# Linear Algebra help

• Jul 13th 2008, 10:08 AM
JCIR
Linear Algebra help
Let V and W be vectors spaces, and let S be subset of V. Define S^0 = { T \in \L(v,w) : T(x) =0 for all x \in \ S.

Prove the following statements
a) S^0 is a subspace of L(v,w)
b)If S1 and S2 are subsets of V and S1 subset S2, then S^0_2 less than or equal S^0_1.
• Jul 13th 2008, 10:15 AM
ThePerfectHacker
Quote:

Originally Posted by JCIR
Let V and W be vectors spaces, and let S be subset of V. Define S^0 = { T \in \L(v,w) : T(x) =0 for all x \in \ S.

Prove the following statements
a) S^0 is a subspace of L(v,w)
b)If S1 and S2 are subsets of V and S1 subset S2, then S^0_2 less than or equal S^0_1.

What do you need to show that $S^0$ is a subspace?
You need to show it is closed under vector addition and scalar multiplication.
Can you show that?
• Jul 13th 2008, 10:18 AM
JCIR
Quote:

Originally Posted by ThePerfectHacker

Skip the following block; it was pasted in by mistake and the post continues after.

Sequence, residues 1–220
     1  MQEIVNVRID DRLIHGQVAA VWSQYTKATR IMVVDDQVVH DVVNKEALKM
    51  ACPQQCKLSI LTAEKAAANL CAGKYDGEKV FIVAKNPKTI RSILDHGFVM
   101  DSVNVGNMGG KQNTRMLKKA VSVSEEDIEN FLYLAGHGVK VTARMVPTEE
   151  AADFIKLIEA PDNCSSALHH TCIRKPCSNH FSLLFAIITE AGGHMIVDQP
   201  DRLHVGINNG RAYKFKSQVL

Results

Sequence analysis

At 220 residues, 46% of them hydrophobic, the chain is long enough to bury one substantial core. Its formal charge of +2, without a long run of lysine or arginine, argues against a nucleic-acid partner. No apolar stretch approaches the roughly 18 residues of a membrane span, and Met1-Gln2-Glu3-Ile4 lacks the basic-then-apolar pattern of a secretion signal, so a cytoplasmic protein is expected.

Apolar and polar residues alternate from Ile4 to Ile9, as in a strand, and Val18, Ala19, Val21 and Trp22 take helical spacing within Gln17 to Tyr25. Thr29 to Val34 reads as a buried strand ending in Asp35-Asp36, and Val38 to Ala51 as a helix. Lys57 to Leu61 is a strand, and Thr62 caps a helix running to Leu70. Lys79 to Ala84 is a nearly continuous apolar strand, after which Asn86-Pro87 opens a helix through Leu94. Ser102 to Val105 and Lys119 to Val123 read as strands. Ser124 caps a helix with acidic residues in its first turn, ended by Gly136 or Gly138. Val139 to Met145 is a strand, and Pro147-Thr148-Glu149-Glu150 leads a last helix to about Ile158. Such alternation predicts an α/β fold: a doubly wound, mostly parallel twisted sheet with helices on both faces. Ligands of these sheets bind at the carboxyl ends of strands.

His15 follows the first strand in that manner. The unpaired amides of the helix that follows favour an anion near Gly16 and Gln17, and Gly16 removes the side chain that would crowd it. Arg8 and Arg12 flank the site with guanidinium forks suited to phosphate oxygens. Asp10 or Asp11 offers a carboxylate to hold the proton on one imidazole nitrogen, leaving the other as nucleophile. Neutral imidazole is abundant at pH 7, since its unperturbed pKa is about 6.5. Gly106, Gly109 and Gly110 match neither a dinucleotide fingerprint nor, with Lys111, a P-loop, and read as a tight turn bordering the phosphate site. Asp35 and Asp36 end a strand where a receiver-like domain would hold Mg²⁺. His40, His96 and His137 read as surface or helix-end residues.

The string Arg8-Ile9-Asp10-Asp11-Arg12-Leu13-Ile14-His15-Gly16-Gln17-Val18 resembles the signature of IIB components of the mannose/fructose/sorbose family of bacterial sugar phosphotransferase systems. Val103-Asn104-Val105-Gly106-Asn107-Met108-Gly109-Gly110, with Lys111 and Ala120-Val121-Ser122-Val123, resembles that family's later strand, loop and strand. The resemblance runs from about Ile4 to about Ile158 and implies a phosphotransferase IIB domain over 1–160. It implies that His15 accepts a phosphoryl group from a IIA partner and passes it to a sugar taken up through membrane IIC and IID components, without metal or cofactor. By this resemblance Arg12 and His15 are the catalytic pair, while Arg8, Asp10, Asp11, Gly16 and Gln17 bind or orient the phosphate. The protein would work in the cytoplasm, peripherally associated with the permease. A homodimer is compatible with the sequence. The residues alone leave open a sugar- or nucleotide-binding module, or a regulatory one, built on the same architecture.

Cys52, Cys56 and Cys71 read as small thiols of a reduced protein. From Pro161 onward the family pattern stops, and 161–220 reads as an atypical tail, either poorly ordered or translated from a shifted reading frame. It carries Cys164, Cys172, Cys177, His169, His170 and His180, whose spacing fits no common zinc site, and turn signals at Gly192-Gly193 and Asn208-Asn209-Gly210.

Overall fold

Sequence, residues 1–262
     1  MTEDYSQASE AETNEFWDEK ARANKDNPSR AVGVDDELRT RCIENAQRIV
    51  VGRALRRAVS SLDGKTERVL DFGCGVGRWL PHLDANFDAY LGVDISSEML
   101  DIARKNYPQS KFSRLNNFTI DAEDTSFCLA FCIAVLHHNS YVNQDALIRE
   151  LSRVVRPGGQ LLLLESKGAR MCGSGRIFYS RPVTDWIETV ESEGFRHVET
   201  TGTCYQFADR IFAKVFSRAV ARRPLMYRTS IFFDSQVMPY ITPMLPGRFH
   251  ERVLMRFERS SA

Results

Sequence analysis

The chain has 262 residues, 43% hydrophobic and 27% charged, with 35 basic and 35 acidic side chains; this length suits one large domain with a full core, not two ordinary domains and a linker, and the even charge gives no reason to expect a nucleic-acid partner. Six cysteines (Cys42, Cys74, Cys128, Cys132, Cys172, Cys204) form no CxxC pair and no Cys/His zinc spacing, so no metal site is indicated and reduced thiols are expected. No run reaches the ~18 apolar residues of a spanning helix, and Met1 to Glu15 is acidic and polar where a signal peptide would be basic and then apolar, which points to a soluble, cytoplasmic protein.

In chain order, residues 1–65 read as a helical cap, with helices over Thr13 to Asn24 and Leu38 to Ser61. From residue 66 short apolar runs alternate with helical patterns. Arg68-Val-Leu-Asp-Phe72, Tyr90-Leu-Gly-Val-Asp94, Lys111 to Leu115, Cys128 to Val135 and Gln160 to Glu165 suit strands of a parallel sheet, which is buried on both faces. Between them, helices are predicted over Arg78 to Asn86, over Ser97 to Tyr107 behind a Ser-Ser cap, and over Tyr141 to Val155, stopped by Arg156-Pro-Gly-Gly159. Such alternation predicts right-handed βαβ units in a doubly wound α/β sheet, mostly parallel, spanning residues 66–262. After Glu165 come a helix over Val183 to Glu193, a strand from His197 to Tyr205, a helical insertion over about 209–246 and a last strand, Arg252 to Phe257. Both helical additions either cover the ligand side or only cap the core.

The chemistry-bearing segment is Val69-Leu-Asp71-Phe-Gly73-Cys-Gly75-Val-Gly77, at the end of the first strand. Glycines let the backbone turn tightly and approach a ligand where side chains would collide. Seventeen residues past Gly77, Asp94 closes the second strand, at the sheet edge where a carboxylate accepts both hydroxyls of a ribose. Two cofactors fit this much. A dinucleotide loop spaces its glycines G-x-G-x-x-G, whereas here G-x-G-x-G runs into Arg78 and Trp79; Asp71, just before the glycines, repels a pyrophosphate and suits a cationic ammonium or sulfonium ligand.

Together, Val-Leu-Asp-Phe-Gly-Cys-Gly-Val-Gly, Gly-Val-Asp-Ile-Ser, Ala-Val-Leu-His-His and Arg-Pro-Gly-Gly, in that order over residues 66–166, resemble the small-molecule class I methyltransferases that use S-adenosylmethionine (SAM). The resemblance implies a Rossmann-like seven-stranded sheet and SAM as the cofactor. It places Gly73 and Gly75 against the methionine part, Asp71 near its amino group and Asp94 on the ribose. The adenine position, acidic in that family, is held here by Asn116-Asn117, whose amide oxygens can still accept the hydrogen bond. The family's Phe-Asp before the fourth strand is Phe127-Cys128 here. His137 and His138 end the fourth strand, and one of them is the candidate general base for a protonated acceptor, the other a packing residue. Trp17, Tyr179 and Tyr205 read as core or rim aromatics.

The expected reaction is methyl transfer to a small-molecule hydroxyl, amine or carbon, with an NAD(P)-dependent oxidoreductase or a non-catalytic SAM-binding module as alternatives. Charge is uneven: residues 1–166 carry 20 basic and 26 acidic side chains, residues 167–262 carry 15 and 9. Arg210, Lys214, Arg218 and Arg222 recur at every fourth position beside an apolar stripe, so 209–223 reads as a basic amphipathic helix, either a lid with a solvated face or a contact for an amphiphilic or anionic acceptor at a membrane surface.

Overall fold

What do you need to show that $S^0$ is a subspace?
You need to show it is closed under vector addition and scalar multiplication.
Can you show that?

It will be helpful if you can show condition 2. I will be able to show that 0 is in there and the it is closed under scalar multiplication.

Mainly part b is the one I dont get.
• Jul 13th 2008, 10:26 AM
ThePerfectHacker
Quote:

Originally Posted by JCIR
Let V and W be vectors spaces, and let S be subset of V. Define S^0 = { T \in \L(v,w) : T(x) =0 for all x \in \ S.

b)If S1 and S2 are subsets of V and S1 subset S2, then S^0_2 less than or equal S^0_1.

You want to prove $S^0_2 \subseteq S_0^1$. The way we show this is by showing if $T\in S_2^0$ then $T \in S_1^0$. By definition $T \in S_2^0$ means $T(\bold{x}) = \bold{0}$ for all $\bold{x}\in S_2$. But $S_1\subseteq S_2$ so $T(\bold{x}) = \bold{0}$ for all $\bold{x} \in S_1$. Thus, $T\in S_1^0$.